I have become a kind of fan of Cloud At Cost. Their one-time-fee servers and easy build process is great for spinning up test machines. I would hardly recommend running anything that I would consider “production” or mission critical on a cloud at cost VM, but it is a cheap, quick, and simple way to spin up boxes to play with until you are ready for more expensive/permanent hosting (like with Digital Ocean or Amazon). Spinning up a new box means securing SSH. So here is my guide.
The major problem with a hosted server of any kind is drive-by scans. There are folks out there that scan for huge swaths of the Internet looking for vulnerable machines. There are two basic varieties: scanning a single host for all vulnerabilities, and scanning a large number of hosts for a specific vulnerability. A plain box should really only be running SSH, so that is the security focus of this post. There should also be a firewall running, that rejects connections on all ports except the services you absolutely need.
It should be noted that Your security measures don’t necessarily have to be top notch, your box just has to be less convenient than the next host on the scanners’ lists. It’s not hard to scan a large subnet and find hosts to hammer on. Drive-by scans are a numbers game; it’s all about the low hanging fruit. With C@C, it’s a question of timing. You have to get onto the box and lock it down quickly. Maybe I’m just being paranoid, but I have had boxes that I didn’t log in to right after spinning them up and I have seen very high CPU utilization on them when they aren’t really running anything, which leads me to believe that the host has been compromised. Also, beware that the web-based stats can be wildly inaccurate.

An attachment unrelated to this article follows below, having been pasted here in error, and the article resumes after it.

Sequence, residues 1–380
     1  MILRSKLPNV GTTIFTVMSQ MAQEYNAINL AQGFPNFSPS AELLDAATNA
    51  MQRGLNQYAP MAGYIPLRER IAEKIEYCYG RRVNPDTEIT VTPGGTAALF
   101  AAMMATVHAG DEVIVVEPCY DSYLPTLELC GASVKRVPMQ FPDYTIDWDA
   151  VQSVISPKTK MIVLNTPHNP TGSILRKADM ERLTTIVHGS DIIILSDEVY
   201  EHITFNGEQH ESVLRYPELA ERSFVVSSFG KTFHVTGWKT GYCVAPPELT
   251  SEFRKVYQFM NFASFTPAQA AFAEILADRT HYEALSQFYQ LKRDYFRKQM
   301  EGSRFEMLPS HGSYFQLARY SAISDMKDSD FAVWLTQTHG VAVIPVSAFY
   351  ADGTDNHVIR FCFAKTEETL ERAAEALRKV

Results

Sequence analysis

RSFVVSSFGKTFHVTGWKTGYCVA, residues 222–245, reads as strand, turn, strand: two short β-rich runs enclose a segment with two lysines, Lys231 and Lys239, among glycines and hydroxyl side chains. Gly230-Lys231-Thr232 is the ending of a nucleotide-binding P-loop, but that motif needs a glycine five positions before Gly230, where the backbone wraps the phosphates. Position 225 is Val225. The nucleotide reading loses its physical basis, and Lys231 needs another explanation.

This guide will only lock down SSH. If you are running a web server, this guide will not lock down the web server. If you are running Asterisk, this guide will not lock down Asterisk. All this guide will do is shore up a couple of vulnerabilities with SSH. I recommend running these steps *BEFORE* installing anything on your VM.
My use case for Cloud At Cost is something like this: There are times when I need a box that is easier to get to than hosting a box on my home network, but doesn’t really justify the monthly cost of running a server on Digital Ocean or Amazon. For me, I spend a lot of time working all night inside a very restrictive corporate network, so it’s hard to get access to my stuff at home especially since Team Viewer is compromised. C@C is cheap and easy, which probably means it’s a playground for scammers and other bad actors. This means it’s a good idea to lock down your box before you do anything useful with it.
You can get started with C@C for around $35, but if you follow them closely, you can catch some of their discount deals and get a very low end developer box for around $10. I took advantage of a few of these promotions and now I have a bucket of resources at my disposal for all of my tinkering needs. Also, if your box starts to misbehave (loads of network traffic, high cpu utilization, etc.) it’s probably compromised, so just torch it and build a new one.
You can learn about the basics of the Cloud At Cost panel here, the info will be useful later on:
Once you have signed up with C@C, bought some resources, and fired up your Linux VM, it’s time to do some housekeeping. I prefer Debian, and it’s what I am using in this guide, but it doesn’t really matter what you choose.